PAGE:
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Form Wealth Management

Riches can be the road to an over-abundance of ego

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February 11, 2014 | 02:04 PM
It was recently reported widely that there is a growing disparity in income between the well-to-do and those who are not. One percent, it is said, own nearly half of the world’s wealth. The rate at which this inequality is increasing seems to be the greatest in the U.S.

There were many dire predictions accompanying these facts. None, however, were as bothersome as this: history has clearly demonstrated that material largesse is commonly attended by an equally sizeable poverty of intellect.

This is, of course, unless you allow for the inflated estimate of themselves that the well-off are all willing to provide. after all, if you make a lot of money, then you must be “unique,” or somehow possessed of special “powers” and abilities. This nonsense was long ago discredited with the dismissal of so-called “Social Darwinism.”

People who are good at making a buck are most often little use at anything else.

Two examples should suffice. In Periclean Greece there was a scruffy-looking gad-about, with unwashed and unkempt appearance, who roamed the streets of the ancient city state in a tattered robe and worn sandals, constantly browbeating his fellow citizens on matters of “right conduct,” justice,” “truth” and other such debates.

He was universally castigated as a nuisance. Finally, he was tried and condemned to death; forced to drink a cup of the poison hemlock. At the same time, there were powerful merchants in the city. Those of renown who were viewed with the greatest esteem for their fortunes and public notoriety.

They held sway in matters that affected the Greek economy, and those who looked to their livelihoods hung on their every word. The dirty, bothersome and hirsute vagabond was a man named Socrates.

He, along with his intellectual progeny, Plato and Aristotle, are largely responsible for founding what we have come to describe as Western Civilization. Not even one name of those who held great power in their wealth is remembered. Not one. Their legacy is naught but dust.

Henry Ford was one of the first billionaires in America and, needless to point out, would have had to be called a “trillionaire” if measured in today’s dollars. Henry was an ignorant tinkerer. Described by Nation magazine this way: “ ... a Yankee mechanic, pure and simple, quite uneducated, with a mind unable to “bite” into any proposition outside of his automobile and tractor business. He has achieved wealth, but not greatness.”

Harry Bennett was kept on Henry’s payroll for one purpose. To employ whatever number of thugs or mobsters might be needed to “punish” those who had the audacity to dispute the “great man’s” will. this included beating or even killing any of his workmen who might try to organize a union.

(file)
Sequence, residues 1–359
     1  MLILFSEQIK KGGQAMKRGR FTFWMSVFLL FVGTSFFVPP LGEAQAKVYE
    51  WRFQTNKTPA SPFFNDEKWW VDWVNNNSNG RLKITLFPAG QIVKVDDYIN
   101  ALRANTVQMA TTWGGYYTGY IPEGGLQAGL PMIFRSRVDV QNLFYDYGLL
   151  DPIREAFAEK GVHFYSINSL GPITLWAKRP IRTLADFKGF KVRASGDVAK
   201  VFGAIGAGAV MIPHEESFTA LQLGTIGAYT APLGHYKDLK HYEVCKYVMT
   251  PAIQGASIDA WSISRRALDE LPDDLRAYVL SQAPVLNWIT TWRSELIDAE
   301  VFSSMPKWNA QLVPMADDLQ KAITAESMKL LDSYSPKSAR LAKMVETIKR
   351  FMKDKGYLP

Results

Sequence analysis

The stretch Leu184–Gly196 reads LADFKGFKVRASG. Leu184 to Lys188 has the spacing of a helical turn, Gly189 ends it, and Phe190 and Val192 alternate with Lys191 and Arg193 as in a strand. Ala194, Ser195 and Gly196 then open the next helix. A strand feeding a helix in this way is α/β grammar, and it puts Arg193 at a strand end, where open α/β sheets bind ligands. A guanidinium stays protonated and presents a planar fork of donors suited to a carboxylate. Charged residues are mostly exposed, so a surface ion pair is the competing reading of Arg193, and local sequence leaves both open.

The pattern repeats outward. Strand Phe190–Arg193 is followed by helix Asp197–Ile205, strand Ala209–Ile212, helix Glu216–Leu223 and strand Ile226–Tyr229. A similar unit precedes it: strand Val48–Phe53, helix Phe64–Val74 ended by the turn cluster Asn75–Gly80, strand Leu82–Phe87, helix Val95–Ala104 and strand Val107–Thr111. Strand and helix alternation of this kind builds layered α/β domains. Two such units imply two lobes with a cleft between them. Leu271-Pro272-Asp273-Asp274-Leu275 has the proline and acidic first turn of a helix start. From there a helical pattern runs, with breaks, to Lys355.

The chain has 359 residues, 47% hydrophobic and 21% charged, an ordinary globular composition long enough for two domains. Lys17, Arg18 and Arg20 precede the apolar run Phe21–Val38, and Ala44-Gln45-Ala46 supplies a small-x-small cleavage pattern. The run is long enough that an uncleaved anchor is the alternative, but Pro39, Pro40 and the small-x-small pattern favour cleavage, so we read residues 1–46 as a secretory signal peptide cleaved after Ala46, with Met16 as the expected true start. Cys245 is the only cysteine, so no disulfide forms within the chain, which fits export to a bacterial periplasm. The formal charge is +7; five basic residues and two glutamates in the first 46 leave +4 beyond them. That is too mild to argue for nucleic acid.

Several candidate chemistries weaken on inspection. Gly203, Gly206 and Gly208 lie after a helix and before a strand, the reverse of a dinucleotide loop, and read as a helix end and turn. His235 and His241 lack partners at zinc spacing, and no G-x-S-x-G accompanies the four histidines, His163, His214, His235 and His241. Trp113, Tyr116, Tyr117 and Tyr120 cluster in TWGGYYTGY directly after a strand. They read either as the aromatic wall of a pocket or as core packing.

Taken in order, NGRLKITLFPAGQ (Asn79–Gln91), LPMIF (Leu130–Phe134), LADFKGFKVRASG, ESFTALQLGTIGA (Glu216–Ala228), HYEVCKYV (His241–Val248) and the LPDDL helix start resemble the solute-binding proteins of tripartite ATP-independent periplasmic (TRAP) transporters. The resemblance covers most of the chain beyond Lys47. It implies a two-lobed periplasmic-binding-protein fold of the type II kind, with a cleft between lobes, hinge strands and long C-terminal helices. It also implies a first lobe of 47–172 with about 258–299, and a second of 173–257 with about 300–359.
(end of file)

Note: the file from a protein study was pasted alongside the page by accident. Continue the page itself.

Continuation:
It is interesting that at the Battle of the Overpass, the carnage was largely complete before any members of law enforcement arrived to restore order.

Mr. Ford was not only a billionaire and shrewd moneymaker; he was also one of our nation’s most virulent anti-Semites. Since he was virtually illiterate, he bought the Dearborn Independent and hired a shill to sit with him for hours on end to copy down his vitriol, and then publish it in his “newspaper.” One of his most ardent followers wrote this: “Every year makes them (the Jews) more and more the controlling masters of the producers in a nation of 120 million; only a single Great Man, Ford, to their fury, still maintains full independence.”

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The author? Adolph Hitler, writing in Mein Kampf.

When Henry Ford set out to end World War I aboard his “peace ship,” he gathered about him a manifest of self-styled “activists.”The enterprise was a massive failure. He was summarily ignored by European diplomats and heads-of-state. The Rev. Samuel Marquis, who had accompanied Ford on his Quixotic quest, said that Ford “ ... would stand a better chance of achieving his ambitions if he avoided areas where he had no experience.”

The real problem with the extraordinary shift in the distribution of wealth is that the wealthy spend too much time telling each other how valuable and important they are. And actually believing it.

The only thing to fear is their willingness to use their sizable checkbooks to compensate for their egregious lack of credentials for anything but making more dollars.

And their “lawlessness.” This is the capacity to pay for a living style that allows the “rich and famous’ to think they are above the law; that they are somehow exempt from the restraints and conventions that guide more “common” men and women. It permits them the illusion that they move in circle and behave in ways that are not bound by the normative rules of everyday life. All of this combines to remind us of the follies of those like Henry Ford, who could not only conjure his silliness but act on it. Therein lies the real danger.

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We are left with more and more people with ever larger and larger checkbooks, who can not only wander down the corridors of their own distorted and shallow imaginings, but actually try to put these rubrics into practice.

Money is its own worst fool.

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